Human genital papilloma infections: An evaluation of immunologic competence in the genital neoplasia-papilloma syndrome

Linda F Carson, Leo B. Twiggs, Michio Fukushima, Ronald S. Ostrow, Anthony J. Faras, Takashi Okagaki

Research output: Contribution to journalArticlepeer-review

68 Scopus citations

Abstract

Immunologic evaluations of women with genital neoplasia-papilloma syndrome demonstrated the presence of subclinical immunodeficiency when compared with results in 20 control womenn. All patients with genital neoplasia-papilloma syndrome were previously found to have human papillomavirus deoxyribonucleic acid in genital neoplasias or papillomas occurring either synchronously (in at least two genital organs at the same time) or metachronously (at different times during a period of months to years). Immunologic tests included blastogenic responses of lymphocytes to mitogens (phytohemagglutinin, concanavalin A, pokeweed mitogen, and tetanus antigen) and lymphocyte phenotyping with the use of monoclonal antibodies (OKT3, OKT4, OKT8, and OKT11). As compared with those of control subjects, the responses of the lymphocytes of patients with genital neoplasia-papilloma syndrome to mitogens were significantly decreased. The group with genital neoplasia-papilloma syndrome had a significantly higher percentage of suppressor-cytotoxic T cells (OKT8-positive cells) when compared with that of control subjects (mean 33% versus 18%) and a lower proportion of helper T cells (OKT4-positive cells) when compared with that of control subjects (35% versus 50%). The mean helper-to-suppressorlcytotoxic T-cell ratio (mean OKT4/OKT8 ratio) in the human papillomavirus-infected women was 1.72 ± 0.29 (SE) as compared with 3.21 ± 0.33 (SE) in the control group, demonstrating a significant reduction of the ratio in the patients with genital neoplasia-papilloma syndrome. These findings suggest that patients with genital neoplasiapapilloma syndrome have a reduced suppressorlcytotoxic T-cell ratio (mean OKT4/OKT8 ratio; that in the human papillomavirus-infected women was 1.72 ± 0.29 (SE) as compared with 3.21 ± 0.33 (SE) in the control group, demonstrating a significant reduction of the ratio in patients with genital neoplasia-papilloma syndrome. These findings suggest that patients with genital neoplasia-papilloma syndrome have reduced immunocompetence of unknown etiology.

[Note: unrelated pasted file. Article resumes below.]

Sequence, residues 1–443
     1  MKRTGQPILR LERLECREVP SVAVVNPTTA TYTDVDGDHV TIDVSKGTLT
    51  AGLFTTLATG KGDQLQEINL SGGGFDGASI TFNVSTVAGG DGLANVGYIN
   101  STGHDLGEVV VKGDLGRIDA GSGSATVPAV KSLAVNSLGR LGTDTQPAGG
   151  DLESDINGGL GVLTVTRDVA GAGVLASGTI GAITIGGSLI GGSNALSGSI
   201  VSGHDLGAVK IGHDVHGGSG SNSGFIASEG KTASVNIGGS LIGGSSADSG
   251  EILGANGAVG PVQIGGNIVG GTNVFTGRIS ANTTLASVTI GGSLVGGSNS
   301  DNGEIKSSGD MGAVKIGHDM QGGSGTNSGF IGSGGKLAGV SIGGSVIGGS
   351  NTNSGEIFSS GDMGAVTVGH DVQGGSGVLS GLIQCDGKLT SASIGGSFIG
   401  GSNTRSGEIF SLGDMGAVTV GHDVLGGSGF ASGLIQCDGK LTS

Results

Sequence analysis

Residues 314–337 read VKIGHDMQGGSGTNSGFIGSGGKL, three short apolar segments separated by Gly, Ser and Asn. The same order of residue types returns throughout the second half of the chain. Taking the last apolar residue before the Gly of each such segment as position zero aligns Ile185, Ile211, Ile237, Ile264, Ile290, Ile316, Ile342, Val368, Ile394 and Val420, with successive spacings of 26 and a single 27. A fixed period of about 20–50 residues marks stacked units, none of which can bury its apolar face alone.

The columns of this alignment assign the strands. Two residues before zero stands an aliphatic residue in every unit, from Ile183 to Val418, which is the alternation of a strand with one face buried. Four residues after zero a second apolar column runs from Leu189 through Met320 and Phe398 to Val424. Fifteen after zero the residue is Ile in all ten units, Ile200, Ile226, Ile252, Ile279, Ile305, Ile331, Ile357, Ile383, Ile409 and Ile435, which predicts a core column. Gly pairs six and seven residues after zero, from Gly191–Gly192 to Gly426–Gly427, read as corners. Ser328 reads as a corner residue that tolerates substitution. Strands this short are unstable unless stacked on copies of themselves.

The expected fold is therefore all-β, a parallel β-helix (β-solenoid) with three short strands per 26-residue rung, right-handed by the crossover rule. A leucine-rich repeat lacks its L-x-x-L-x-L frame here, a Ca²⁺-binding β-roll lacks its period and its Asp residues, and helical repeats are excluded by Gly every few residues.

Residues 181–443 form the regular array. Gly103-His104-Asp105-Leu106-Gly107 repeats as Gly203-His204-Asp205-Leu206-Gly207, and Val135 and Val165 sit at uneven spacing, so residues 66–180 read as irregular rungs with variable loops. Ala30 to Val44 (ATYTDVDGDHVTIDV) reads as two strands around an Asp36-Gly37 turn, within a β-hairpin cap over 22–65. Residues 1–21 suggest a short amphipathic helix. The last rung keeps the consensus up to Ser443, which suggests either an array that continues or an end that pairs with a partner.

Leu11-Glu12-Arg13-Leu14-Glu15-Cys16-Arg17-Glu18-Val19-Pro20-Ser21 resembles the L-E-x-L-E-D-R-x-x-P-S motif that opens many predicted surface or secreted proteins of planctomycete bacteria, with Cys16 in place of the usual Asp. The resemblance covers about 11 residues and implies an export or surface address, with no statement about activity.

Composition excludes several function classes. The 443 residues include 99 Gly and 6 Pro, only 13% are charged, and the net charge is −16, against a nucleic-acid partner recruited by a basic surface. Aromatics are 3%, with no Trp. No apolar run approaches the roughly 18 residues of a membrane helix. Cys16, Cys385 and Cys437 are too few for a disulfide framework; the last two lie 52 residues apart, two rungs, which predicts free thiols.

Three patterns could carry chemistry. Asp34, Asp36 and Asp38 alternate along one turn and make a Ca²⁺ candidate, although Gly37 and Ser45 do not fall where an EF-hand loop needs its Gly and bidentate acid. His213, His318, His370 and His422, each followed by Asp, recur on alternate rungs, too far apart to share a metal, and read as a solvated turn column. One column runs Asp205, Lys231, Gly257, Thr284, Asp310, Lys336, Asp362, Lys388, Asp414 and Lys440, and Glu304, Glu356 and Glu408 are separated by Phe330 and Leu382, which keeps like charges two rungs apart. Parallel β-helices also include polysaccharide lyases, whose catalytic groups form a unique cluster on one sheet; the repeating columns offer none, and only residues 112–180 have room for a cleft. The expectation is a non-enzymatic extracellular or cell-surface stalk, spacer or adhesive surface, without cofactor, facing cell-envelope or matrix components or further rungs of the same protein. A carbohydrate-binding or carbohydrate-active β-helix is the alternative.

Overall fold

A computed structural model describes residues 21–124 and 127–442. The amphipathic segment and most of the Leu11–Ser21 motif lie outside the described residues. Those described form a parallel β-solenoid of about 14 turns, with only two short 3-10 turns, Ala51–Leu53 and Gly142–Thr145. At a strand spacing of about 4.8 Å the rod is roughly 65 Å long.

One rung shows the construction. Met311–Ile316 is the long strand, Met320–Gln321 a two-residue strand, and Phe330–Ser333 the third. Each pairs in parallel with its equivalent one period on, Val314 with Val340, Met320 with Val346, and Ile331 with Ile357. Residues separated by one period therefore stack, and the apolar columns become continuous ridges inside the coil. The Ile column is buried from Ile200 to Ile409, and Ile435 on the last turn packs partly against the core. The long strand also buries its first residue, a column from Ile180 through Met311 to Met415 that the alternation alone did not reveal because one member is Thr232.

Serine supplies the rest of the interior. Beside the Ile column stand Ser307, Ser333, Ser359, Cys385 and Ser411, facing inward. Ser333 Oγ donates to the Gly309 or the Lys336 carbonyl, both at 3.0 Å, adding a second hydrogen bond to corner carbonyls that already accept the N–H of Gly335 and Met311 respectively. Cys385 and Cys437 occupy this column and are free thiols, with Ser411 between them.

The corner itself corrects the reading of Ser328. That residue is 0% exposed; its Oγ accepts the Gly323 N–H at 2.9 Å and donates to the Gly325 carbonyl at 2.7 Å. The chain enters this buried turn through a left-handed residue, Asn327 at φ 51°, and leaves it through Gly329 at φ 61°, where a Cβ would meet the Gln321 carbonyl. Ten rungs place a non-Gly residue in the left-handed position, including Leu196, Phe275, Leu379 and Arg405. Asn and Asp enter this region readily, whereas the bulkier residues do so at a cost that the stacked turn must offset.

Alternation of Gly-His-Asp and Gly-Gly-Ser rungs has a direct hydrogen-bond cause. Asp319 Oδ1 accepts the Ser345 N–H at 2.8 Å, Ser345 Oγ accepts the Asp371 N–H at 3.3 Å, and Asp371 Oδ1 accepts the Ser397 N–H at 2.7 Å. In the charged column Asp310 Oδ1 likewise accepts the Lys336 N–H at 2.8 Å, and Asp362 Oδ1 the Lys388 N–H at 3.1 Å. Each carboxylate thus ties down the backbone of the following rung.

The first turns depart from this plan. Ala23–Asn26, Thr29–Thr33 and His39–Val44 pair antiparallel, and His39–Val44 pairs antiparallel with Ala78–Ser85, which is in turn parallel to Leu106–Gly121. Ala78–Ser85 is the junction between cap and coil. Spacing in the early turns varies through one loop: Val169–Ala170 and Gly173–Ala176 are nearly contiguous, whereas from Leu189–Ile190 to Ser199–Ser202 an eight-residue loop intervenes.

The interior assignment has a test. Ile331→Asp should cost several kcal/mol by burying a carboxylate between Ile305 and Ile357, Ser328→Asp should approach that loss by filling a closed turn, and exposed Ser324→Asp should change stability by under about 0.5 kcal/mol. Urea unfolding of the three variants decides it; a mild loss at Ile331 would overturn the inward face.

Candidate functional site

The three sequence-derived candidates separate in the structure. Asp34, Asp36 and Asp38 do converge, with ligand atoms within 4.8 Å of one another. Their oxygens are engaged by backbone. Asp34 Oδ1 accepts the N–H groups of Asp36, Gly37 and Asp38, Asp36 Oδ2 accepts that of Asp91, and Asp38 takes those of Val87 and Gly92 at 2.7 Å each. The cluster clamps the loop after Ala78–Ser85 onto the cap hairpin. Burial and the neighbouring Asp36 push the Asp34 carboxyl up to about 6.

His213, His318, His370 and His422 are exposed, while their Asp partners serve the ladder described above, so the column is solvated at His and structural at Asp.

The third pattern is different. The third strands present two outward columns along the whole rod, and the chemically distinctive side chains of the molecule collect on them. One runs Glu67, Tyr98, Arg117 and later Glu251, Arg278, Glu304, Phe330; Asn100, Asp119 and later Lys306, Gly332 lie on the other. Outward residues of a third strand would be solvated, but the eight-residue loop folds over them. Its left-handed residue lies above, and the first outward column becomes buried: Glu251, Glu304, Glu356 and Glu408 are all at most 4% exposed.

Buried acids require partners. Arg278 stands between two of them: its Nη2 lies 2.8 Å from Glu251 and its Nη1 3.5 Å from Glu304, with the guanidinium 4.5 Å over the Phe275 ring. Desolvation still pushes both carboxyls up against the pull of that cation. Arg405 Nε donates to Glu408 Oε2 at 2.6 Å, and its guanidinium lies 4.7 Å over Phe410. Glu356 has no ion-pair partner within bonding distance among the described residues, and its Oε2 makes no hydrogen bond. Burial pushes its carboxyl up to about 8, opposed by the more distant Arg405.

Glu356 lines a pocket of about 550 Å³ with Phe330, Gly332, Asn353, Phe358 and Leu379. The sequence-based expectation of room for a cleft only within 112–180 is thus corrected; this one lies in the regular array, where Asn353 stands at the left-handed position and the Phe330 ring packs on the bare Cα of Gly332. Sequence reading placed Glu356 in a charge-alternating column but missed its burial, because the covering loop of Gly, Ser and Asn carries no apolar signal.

Original languageEnglish (US)
Pages (from-to)784-789
Number of pages6
JournalAmerican journal of obstetrics and gynecology
Volume155
Issue number4
DOIs
StatePublished - 1986

Bibliographical note

Funding Information:
From the Departments of Obstetrics and Gynecology, Laboratory Med-icine and Pathology, and Microbiology and the I nstitutefor Human Genetics, University of Minnesota Medical School. Funded by National Institutes of Health Grant CA25462 and the Minnesota Leukemia Research Fund. Presented at the Thirty-second Annual Meeting of the Society for Gynecologic Investigation, Phoenix, Arizona, March 20-23, 198 5. Received for publication January 31, 1986; revised May 9, 1986; accepted May 20, 1986. Reprint requests: Linda F. Carson, M.D., Instructor, Box 395 Mayo, Department of Obstetrics and Gynecology, University of Minnesota, Minneapolis, MN 55455.

Keywords

  • Papilloma
  • immunocompetence
  • neoplasm

Fingerprint

Dive into the research topics of 'Human genital papilloma infections: An evaluation of immunologic competence in the genital neoplasia-papilloma syndrome'. Together they form a unique fingerprint.

Cite this